Ramblings of thankfulness

Over the past few days I have seen or been reminded of how fortunate I am, and most New Zealander’s, Australians, English.. Well just how fortunate the western world seems to be.  Here in New Zealand we are not experiencing war, serious drought, poverty that can’t be solved, no one I know in New Zealand has experienced the true meaning of hunger, by this I mean days, weeks without food.  Currently our greatest debate is about changing the flag (my personal opinion is that this is a waste of money, but someone voted for John Key, so all is fair? Right?) and whether or not we should let Chris Brown into the country. So as I sift through facebook and see all this tragedy unfolding, war, refugees, shootings I am reminded that I, in my warm house, with a fully stocked fridge, a car full of petrol and gym memberships galore am pretty darn lucky.

Then Martha gets home and I am reminded once more that I am probably the luckiest person out (right now).  I ask how her day was, in the 60 minute drive home Martha has completely forgotten where she has been.  She does her ritual of bathroom, tea, fruit and sitting down for the afternoon. We make small chat, which by the way, if you know me, I am terrible at and we have a cuddle. Then I get a whiff, she needs a shower. When you have alzheimers you don’t only lose memories but you start to lose the connections between body and brain. The signal that goes from your bladder to your brain fades and on it goes.  In some it is quick and I know carers who completely care for their person, they toilet them, shower them, change them, I am thankful I only occasionally have to help Martha have a shower (we also get assistance from an agency).  So I shuffle Martha into the shower, stripping her, helping her in, I soap her and wash her, shampoo her hair and condition it. She stands, turns when I tell her to, covers her eyes so she doesn’t get soap in them and I turn off the water when it is done.  As I help dry her I am thankful that she is ok but also that I am able to care for myself. I don’t need constant reassurance, I don’t need help to shower, I can prepare my own food, I pay my own bills.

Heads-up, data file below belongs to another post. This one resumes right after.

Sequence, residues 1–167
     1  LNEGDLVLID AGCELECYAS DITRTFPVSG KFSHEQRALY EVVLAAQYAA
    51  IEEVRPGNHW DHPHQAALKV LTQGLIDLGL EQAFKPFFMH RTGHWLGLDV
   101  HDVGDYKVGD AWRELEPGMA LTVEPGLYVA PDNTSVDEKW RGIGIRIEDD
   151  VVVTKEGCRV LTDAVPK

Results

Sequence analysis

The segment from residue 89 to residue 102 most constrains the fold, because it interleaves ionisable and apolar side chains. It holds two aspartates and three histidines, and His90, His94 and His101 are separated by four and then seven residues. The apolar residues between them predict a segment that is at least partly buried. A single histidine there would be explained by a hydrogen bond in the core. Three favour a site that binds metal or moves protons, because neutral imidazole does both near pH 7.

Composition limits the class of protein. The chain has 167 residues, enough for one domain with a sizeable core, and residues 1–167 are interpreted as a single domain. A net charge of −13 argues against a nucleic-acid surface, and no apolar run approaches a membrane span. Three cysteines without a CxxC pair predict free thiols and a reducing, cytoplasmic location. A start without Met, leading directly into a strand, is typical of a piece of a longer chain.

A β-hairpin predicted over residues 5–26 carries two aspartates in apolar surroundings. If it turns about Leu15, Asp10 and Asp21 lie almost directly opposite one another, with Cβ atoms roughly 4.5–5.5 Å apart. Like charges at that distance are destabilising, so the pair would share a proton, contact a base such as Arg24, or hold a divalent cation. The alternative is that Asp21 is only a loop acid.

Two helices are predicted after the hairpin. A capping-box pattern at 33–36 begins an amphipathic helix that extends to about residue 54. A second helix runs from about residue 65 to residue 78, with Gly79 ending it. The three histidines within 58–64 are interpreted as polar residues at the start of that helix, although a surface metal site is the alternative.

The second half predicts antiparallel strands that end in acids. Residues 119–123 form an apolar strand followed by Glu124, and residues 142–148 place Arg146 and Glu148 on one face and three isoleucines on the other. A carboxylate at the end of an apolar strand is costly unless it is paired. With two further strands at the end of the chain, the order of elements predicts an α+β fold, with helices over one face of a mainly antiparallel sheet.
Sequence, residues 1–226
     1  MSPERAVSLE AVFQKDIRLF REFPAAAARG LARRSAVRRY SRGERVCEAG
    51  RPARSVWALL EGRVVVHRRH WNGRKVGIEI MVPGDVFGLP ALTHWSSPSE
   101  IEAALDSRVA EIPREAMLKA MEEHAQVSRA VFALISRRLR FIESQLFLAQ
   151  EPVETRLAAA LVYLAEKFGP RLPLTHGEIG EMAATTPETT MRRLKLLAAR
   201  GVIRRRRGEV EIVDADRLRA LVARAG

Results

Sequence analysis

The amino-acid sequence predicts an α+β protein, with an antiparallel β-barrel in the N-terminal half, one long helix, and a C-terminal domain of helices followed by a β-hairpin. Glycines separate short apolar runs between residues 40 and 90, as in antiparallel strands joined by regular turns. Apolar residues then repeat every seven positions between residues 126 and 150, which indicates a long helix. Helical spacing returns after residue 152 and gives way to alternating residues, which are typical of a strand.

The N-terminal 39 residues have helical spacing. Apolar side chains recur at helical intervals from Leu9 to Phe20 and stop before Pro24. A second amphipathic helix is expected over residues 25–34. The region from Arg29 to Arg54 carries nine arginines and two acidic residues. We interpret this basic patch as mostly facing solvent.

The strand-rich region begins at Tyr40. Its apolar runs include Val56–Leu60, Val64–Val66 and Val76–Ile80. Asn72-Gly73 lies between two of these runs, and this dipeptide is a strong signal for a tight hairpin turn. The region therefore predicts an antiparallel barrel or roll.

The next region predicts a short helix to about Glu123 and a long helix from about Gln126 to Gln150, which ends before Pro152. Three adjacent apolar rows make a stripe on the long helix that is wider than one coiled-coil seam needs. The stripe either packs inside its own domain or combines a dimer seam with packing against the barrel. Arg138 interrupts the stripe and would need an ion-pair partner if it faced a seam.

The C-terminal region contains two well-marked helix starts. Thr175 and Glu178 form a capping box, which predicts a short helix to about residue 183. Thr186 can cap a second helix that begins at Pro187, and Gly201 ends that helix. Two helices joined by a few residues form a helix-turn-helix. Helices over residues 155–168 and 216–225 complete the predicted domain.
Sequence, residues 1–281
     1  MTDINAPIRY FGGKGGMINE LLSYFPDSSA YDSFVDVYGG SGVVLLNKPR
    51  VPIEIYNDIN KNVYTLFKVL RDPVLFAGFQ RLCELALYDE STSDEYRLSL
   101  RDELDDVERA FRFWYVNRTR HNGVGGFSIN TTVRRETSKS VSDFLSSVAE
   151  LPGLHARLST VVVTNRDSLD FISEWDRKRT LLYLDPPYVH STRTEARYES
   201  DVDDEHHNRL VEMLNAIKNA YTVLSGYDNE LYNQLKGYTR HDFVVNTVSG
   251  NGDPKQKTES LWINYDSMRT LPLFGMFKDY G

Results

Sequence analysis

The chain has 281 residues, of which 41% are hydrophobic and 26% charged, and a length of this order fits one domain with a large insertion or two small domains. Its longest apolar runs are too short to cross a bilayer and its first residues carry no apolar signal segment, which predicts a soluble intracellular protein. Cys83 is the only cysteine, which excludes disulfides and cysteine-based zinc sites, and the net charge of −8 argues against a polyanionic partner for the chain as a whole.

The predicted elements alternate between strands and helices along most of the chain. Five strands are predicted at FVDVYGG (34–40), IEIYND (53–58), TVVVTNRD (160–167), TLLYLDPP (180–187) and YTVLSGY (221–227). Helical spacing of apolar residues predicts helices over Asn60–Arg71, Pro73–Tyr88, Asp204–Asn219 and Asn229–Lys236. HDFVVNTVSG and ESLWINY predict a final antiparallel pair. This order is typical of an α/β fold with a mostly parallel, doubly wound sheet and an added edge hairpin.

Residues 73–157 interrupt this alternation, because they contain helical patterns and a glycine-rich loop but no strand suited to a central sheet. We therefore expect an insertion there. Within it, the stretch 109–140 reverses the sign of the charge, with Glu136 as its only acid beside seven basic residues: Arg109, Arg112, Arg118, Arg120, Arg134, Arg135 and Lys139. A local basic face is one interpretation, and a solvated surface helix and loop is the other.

How hard it must be at the age of 67 to be so dependent on another being just for survival.  She follows me needing me to show her where her clothes are, I have laid them out. I learnt early that if left to her own devices she will find clothes that aren’t so suitable, we sit and chat while I dress her, underwear, pants, bra, singlet, shirt and socks. I kiss her hand and brush her hair. I dress her like she is a child but I am her child.  I find myself feeling thankful that I am able to do all these things myself.

I remind myself that this isn’t the hardest thing in the world, but also that everything is relative to each individual.  I tell Martha about my day as I make her a cup of tea and she smiles at me, I wonder if she knows how much she has lost or perhaps for her this is now her normal.

Love, K xx


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